Scouring the Media

Facebook as a source of information.

Posted on: November 2, 2010

Journalists have started to use Facebook as a valuable resource, and they’re right in doing so. Because millions of people using the social networking site, millions of personal statuses and great amounts of information are available for the public’s digestion. For journalists, the idea of someone in the news having a Facebook is exciting. Facebook measured 500 active users in July of 2010, so chances are, if there’s a suspect in any journalist’s story, they have a Facebook. This public diary of statuses and moods is often put on display by journalists to give audiences an idea of who the suspect was and what he or she was interested in.

Not only is Facebook invaluable for leads, but it’s also a great place for networking. Groups like Help a Reporter, or HARO, have made the process of finding sources easier said Mashable’s Leah Betancourt, who described the Facebook group in her article “The Journalist’s Guide to Facebook.” According to the group’s Facebook page, its is “[to] heal the rift between journalists and publicists, to allow journalists to find the sources they need, while allowing sources to reach journalists in a SPAM-free, socially connected way.”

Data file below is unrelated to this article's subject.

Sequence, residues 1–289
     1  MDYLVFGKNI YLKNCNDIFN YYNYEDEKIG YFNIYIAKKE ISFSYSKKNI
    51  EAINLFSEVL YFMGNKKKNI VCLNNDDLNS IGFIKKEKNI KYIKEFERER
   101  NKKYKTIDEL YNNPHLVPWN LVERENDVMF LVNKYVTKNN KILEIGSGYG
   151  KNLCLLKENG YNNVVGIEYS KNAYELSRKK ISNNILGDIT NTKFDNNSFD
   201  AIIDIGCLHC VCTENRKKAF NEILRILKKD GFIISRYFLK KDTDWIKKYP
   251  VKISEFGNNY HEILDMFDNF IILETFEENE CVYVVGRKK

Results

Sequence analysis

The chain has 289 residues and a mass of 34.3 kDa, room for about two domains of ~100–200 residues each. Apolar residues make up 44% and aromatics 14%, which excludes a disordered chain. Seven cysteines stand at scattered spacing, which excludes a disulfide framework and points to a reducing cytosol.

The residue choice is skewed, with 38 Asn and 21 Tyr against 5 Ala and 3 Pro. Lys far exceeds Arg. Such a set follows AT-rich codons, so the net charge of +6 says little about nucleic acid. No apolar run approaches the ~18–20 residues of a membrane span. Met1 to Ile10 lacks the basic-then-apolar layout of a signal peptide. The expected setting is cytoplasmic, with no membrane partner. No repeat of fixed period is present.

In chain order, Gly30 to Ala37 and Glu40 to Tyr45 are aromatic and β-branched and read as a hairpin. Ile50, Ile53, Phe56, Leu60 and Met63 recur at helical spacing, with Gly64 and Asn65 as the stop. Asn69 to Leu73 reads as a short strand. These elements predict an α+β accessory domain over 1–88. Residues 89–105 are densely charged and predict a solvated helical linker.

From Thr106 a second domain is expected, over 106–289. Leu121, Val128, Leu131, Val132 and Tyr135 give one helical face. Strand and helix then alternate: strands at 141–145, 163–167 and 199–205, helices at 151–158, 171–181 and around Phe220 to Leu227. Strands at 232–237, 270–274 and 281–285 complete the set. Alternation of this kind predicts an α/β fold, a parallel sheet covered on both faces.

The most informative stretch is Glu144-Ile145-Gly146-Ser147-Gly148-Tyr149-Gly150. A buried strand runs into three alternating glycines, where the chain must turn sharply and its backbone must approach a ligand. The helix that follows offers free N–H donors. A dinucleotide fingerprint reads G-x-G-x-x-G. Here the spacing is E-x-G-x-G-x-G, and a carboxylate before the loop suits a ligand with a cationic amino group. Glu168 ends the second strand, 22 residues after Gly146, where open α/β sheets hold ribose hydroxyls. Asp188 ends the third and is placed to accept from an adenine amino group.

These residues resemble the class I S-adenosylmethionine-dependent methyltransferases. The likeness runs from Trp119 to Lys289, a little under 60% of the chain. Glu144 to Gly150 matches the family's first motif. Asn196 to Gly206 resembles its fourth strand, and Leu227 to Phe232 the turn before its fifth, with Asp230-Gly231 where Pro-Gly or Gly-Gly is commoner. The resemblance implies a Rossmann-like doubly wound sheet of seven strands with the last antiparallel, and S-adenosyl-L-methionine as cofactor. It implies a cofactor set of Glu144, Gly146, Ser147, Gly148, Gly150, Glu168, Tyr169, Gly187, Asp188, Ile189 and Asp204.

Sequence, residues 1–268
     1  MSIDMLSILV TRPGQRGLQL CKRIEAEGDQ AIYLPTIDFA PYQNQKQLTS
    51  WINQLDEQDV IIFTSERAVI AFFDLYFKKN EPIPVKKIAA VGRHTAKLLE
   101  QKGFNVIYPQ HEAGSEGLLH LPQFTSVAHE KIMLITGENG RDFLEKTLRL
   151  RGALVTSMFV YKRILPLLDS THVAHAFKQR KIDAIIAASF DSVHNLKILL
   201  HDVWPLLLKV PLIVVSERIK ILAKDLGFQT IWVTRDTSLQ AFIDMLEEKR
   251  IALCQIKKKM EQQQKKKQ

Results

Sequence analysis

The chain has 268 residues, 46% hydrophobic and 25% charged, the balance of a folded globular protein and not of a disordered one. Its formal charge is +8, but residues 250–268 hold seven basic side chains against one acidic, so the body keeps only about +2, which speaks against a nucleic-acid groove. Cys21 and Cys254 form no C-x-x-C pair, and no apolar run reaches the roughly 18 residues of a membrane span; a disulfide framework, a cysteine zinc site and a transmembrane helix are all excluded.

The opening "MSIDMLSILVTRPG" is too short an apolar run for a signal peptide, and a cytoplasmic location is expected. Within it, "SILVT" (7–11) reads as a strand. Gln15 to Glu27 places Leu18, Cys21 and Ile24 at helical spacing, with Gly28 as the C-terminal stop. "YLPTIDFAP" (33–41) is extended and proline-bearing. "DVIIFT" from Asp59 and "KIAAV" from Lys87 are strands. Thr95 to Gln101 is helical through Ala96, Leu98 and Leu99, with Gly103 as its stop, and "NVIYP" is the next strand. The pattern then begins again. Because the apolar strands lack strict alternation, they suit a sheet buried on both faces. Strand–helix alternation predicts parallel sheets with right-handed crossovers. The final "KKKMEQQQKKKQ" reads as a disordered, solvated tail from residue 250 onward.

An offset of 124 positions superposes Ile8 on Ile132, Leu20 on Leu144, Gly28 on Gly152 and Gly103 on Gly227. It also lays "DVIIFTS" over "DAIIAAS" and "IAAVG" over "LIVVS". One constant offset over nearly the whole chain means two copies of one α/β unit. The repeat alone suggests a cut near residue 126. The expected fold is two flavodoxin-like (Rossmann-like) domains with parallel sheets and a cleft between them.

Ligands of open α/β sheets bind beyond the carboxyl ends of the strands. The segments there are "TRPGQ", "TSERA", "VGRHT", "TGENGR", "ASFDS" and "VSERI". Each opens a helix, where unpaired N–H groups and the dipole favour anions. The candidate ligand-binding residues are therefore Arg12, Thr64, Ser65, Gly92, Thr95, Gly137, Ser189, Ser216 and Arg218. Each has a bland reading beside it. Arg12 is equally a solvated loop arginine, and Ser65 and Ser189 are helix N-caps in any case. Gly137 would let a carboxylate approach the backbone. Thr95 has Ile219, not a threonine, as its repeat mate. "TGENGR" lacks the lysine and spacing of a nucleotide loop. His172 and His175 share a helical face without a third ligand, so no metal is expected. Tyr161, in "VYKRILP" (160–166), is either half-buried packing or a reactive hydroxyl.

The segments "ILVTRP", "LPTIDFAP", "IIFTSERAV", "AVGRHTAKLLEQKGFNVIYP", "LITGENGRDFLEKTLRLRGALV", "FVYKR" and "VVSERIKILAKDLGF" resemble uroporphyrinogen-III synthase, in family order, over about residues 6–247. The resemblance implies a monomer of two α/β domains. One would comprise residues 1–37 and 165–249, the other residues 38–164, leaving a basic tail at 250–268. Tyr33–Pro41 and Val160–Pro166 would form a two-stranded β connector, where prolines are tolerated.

Help a Reporter, or HARO, started on Facebook in 2008.

Jane E. Kirtley, Professor of Media Ethics and Law and director of the Silha Center at the School of Journalism and Mass Communication at the University of Minnesota offered some advice through an email interview with Betancourt.

“Verify, verify, verify. Facebook is a great source for story ideas, but no news story should be solely-sourced through social media,” Kirtley wrote to Betancourt. “Seek corroboration. And if at all possible, interview the person either by phone or face-to-face. It is so easy to lie on the Internet, and to misrepresent oneself. No journalist wants to spread falsehoods or be taken in by a hoax.”

Elizabeth Losh, a director of academic programs at the University of California, San Diego, wrote in her blog about the trouble with using Facebook as a source of information for articles, “in which newspapers cobble together accounts, particularly involving crime stories, from data contained on the parties’ profiles on social networking sites,” she wrote.

“My own Los Angeles Times, to which I have a strong sentimental attachment as a local, has become increasingly reliant on this practice, perhaps as a response to cost-cutting measures or perhaps as a salacious tactic to seem to be sharing hidden knowledge with nonmembers from exclusive communities involved with new digital practices. Many of these articles are the journalistic equivalent of the papers I see from unmotivated students that are mostly made up of Wikipedia entries. ”

Facebook is still gaining popularity, and while it may be an ethical issue for journalists to go combing through the social site for leads, it’s each journalist’s choice to make. Facebook is a powerful tool that offers some story leads as well as other opportunities to personally network with other professionals in the industry. But with the potential of fake accounts, falsehoods or hoaxes, journalists take a risk in using Facebook as a reliable source.

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